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    Student technology skills and ASIS

supporting documents:
my list of essential technology skills for LIS students
iSchool list of basic technology skills and bootcamp topics
classroom technologies bootcamp slides
STS task force

It is no secret that I have strong opinions regarding the functions of libraries, the skills needed to function as a librarian in today's world, and the issues about which we should all be concerned. During my time at the iSchool, I never hesitated to express this opinion. The actions taken in support of these opinions have led me to be considered a leader among my peers.

Being opinionated comes with responsibilities that must be met if one is not to gain a reputation for being a curmudgeonly blowhard. Perhaps the most important of these responsibilities is to share one's experience when it can benefit the community.

Last year it became apparent that many students felt that they did not have the necessary technology skills to succeed at the iSchool. Many asked for help securing these skills, and these requests resulted in the Student Technology Skills Task Force. Led by many of the officers of ASIS&T at the time, this ad hoc committee took on the responsibility of identifying key skills for students and organizing training sessions which evolved into the technology boot camp, now an established part of orientation activities for incoming students, to help people.

Along with these successful training programs, the STSTF shared its opinion with the iSchool administration regarding what skills entering students should have. As part of this effort, I submitted and argued for a list of technology skills that I feel are essential for students.A direct result of this communication was the inclusion of a detailed skills checklist in the package sent to incoming students so that they were more aware of the skills necessary to function well within the curriculum. In the end, I also conducted one of the bootcamp sessions.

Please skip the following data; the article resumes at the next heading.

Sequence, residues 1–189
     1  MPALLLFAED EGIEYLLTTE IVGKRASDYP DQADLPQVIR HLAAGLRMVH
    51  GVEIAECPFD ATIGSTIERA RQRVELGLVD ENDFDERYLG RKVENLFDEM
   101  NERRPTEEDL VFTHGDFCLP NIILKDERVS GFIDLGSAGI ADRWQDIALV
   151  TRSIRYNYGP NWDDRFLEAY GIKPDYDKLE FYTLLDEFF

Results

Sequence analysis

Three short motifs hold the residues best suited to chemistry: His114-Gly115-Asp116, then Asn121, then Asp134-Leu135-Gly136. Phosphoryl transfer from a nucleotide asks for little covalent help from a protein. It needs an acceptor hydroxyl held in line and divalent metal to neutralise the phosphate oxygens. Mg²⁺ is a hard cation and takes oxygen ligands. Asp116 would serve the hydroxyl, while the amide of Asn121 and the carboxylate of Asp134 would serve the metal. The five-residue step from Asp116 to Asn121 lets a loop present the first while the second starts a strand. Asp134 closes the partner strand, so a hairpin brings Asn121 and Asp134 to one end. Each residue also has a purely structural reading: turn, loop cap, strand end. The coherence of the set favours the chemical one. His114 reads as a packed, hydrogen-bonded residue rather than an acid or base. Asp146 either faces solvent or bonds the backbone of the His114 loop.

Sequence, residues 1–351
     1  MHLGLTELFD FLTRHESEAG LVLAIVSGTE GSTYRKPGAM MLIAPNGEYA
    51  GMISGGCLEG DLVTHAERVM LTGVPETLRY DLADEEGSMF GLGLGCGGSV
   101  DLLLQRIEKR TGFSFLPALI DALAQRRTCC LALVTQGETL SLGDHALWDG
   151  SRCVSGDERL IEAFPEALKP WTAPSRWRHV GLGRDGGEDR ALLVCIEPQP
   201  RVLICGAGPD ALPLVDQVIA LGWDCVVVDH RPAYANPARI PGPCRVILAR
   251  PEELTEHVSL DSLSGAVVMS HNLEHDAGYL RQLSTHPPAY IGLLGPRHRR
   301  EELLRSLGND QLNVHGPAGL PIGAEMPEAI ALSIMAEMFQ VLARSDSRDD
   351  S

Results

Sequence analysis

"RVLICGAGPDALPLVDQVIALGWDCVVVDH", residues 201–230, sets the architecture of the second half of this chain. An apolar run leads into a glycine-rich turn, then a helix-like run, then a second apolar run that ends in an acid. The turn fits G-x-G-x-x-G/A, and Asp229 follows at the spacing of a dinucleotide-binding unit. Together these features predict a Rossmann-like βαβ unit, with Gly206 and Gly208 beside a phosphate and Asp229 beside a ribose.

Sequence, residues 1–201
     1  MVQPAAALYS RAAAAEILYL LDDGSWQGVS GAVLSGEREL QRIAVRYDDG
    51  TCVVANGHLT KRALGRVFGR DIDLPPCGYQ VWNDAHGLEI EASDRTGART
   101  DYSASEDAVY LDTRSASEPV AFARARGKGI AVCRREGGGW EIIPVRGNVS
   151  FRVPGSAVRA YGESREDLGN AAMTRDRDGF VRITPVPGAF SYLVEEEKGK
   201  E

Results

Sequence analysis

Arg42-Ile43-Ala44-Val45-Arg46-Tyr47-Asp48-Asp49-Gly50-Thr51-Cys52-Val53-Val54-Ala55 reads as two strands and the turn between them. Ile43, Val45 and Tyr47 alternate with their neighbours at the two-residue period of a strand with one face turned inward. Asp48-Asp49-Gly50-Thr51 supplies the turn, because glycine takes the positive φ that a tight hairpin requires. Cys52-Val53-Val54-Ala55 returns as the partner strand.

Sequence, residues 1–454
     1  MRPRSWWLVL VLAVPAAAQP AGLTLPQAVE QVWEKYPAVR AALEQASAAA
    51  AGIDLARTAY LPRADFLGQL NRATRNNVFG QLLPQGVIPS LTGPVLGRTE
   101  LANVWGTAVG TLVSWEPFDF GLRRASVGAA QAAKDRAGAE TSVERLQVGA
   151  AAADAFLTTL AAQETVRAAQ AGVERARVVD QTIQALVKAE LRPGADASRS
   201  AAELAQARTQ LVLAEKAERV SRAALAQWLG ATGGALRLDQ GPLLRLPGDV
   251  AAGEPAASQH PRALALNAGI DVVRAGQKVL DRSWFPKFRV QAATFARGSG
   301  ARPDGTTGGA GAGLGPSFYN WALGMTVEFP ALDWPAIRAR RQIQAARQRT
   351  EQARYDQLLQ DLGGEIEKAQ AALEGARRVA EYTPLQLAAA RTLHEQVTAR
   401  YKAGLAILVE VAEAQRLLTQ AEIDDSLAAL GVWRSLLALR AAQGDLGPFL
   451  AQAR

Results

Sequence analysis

In the end, I feel that we stepped up and took responsibility for our peers who were not warned that graduate school--especially in LIS--in today's environment absolutely requires the use of certain tools and technologies. While I expect that this problem will disappear over time as these technologies become nearly universal, for the time being we have designed a program which helps to fill the skills gap, and have succeeded in making sure that students are informed of their responsibilities--if they read their whole acceptance package.

supporting documents
RDF presentation slides
GIS slides
Conference wrapup

ASIS(&t) Activities

My contribution to the STSTF was also the beginning of my activities with ASIS&T on campus. While I am not an officer in ASIS&T, I have tried to be an active member of the organization by helping to organize events which complement the iSchool's curriculum and add to the richness of the school's environment.

In the spring of 2001, ASIS&T sponsored a series in which students and recent alumni presented their own research. As part of this series, I gave a talk on Resource Description Framework ( RDF ), work undertaken for the Gateway to Educational Materials as part of my 2000-2001 research assistantship.

This presentation was also included, slightly modified, in last spring's Information Idustry Associates Program poster session, sponsored by the KAL lab--an opportunity for students and researchers showcase their work before interested members of private corporations and other outside groups.

In the fall of 2001, I shared my experiences from the ASIS&T annual conference, encouraging students to participate in future conferences and reporting my impressions of current research in the field.

Finally, this past winter quarter I presented a brief introduction to Geographic Information Systems, which I discuss at more length in the Technology section below.

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